Frequently asked questions (FAQ) about vitiligo

Below are a few of the many questions we receive about vitiligo.

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General Vitiligo FAQs

Vitiligo is a genetic, autoimmune skin disease causing loss of pigment from areas of the skin, resulting in irregular white spots or patches. Vitiligo affects about 0.5% to 1% of the population and can start at any age, but about half of those with vitiligo develop it before the age of 20, and about 95% before age 40. It affects both genders, and all races and ethnicities. Generalized vitiligo is a progressive disease resulting in somewhat unpredictable cycles of spreading and cycles of stability throughout life.

Vitiligo is not contagious in any way. The precise cause of vitiligo is not well-understood, though it seems to be the result of a combination of genetic and environmental factors.  Some people have reported a single event, such as sunburn or emotional distress, to trigger the condition. Heredity may be a factor because there is an increased incidence of vitiligo in some families. About 30% of affected individuals may report a positive family history (i.e. aunt, uncle, cousin, grandparent). The risk for children of affected individuals to develop vitiligo themselves is thought to be about 5%. Though the condition is not usually physically painful, the psychological and social effects are well-documented. It can be especially devastating to children and those with darker skin.

Today there is still no cure for vitiligo, but more worldwide research is being conducted than ever before, and treatment options are improving. New technologies and research are changing physicians’ approaches to the condition, and recent mapping of the human genome has paved the way for advanced genetic research.

Vitiligo is pronounced “vittle-eye-go.”

Melanocytes are the cells in our body that produce the color in our skin.  When the melanocytes are attacked by the immune system, they stop functioning leaving patches of white (or lighter) skin. The underlying cause of melanocyte death is due to an autoimmune attack on these pigment cells.  For some, there may be a hereditary (genetic) tendency toward vitiligo. Stress or severe skin trauma may also trigger vitiligo in those that are already predisposed.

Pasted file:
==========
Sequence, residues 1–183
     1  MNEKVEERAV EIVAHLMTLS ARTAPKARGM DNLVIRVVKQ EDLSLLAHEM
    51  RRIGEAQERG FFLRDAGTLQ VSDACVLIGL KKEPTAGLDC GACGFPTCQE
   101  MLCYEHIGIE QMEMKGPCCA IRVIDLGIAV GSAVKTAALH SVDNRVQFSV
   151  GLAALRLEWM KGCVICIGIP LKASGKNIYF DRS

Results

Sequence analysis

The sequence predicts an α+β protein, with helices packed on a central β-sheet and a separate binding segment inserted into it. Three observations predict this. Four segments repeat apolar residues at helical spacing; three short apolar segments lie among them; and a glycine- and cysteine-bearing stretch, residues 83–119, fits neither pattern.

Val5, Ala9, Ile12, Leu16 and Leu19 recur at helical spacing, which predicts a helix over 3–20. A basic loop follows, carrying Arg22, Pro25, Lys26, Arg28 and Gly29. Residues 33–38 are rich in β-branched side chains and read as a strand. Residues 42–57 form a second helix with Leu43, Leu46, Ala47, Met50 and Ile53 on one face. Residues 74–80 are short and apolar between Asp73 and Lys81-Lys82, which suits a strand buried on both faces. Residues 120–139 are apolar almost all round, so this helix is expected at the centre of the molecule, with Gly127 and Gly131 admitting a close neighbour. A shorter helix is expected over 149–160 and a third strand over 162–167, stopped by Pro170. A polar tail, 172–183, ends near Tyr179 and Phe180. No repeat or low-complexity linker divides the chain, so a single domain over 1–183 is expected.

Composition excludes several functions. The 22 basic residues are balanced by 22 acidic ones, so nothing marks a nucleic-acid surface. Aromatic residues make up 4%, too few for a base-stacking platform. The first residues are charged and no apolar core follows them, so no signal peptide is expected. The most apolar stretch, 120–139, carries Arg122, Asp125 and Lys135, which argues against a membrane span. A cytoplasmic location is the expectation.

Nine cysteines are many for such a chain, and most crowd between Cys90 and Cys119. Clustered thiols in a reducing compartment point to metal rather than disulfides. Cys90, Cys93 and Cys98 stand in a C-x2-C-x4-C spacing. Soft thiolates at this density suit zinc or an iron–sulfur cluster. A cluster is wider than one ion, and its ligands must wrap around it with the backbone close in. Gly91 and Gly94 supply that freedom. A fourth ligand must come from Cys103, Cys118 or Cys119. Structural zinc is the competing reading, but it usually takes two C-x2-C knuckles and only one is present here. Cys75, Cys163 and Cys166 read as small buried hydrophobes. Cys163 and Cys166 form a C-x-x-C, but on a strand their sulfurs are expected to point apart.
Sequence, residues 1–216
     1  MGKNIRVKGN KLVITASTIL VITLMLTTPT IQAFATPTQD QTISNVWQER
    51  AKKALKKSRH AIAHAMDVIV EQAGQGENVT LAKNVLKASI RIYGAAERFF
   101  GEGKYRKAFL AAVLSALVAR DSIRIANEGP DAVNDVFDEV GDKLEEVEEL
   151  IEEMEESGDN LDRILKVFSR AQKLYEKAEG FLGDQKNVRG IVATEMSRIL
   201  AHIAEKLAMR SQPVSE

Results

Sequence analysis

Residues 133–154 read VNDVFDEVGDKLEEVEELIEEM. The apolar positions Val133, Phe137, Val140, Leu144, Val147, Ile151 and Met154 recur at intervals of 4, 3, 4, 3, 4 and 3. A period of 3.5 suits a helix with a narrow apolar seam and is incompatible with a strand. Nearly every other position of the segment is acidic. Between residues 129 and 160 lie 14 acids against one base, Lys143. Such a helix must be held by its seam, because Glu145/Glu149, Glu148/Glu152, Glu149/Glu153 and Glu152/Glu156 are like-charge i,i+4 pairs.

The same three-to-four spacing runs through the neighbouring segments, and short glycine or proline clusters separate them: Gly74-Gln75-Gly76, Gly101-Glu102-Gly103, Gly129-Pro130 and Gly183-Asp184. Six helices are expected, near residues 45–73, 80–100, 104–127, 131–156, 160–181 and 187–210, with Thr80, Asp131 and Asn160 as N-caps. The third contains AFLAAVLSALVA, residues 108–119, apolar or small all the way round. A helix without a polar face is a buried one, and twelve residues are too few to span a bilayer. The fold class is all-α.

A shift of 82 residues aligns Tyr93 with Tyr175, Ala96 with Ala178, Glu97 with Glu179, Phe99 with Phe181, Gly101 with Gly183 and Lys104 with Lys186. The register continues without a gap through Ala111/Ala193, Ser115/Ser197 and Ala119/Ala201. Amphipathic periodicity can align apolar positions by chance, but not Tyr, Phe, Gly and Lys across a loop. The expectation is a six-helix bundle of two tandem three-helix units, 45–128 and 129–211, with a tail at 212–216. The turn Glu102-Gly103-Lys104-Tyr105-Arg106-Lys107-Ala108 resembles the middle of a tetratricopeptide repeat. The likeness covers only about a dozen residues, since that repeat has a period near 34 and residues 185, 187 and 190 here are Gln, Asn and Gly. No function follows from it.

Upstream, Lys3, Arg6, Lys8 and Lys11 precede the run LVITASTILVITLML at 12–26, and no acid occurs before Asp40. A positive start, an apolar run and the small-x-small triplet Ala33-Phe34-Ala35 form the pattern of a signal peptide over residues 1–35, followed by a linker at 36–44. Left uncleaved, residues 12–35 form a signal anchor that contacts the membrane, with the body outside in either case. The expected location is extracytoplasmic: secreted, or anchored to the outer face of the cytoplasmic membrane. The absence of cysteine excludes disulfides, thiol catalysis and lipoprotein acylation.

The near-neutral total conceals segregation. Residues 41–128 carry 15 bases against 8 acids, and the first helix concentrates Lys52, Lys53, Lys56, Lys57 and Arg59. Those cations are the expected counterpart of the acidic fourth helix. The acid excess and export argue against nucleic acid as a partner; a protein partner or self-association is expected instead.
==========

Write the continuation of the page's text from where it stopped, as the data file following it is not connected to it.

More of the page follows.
The likelihood of developing vitiligo results from different combinations of susceptibility genes, even in the same family. Different family members inherit different genetic combinations, just as they do for height or intelligence. Even among identical twins, both develop vitiligo only one-fourth of the time. Identical twins share all their genes in common, but they don’t share their environmental exposures and other life events. While it is known that environmental triggers are involved, it is still uncertain as to what they are, with stress (physical and emotional), skin trauma, and exposure to certain chemicals being possible triggers.

The doctor usually begins by asking the person about his or her medical history. Important factors are a family history of vitiligo or other autoimmune diseases; a rash, sunburn, or other skin trauma at the site of vitiligo 2 to 3 months before depigmentation started; stress or physical illness. The doctor may take a small sample (biopsy) of the affected skin, and/or a blood sample to do lab work that checks for thyroid antibodies/disease, vitamin D levels, and other conditions that may affect general health or autoimmune status. The doctor may also use a Woods light (specialized black light) to confirm vitiligo, as even when undetectable by the eye alone, the depigmented areas will glow under this light.

The most obvious sign or symptom of vitiligo is loss of pigment on the skin, resulting in milky-white, irregularly-shaped patches on the skin. Vitiligo typically occurs first on sun-exposed areas (face, hands, feet, arms, legs) or areas where clothing or shoes consistently rub on the skin.

Less common signs include pigment loss or graying of hair on scalp, eyebrows, eyelashes, or other affected areas. Some may also experience loss of pigment on the tissues that line the inside of the mouth (mucous membranes) and the retina of the eye.

Some of those affected by vitiligo experience intense itching at the site of depigmentation during active stages.

Generalized vitiligo is a progressive disease resulting in somewhat unpredictable cycles of spreading and cycles of stability throughout life.  For some, it begins slowly with only a few areas of the body affected; for others, it begins rapidly, with many areas affected by both large and small patches of pigment loss. Many patients report going many years without new patches developing, then experience pigment loss years later. Others report spontaneous repigmentation, with no treatment at all.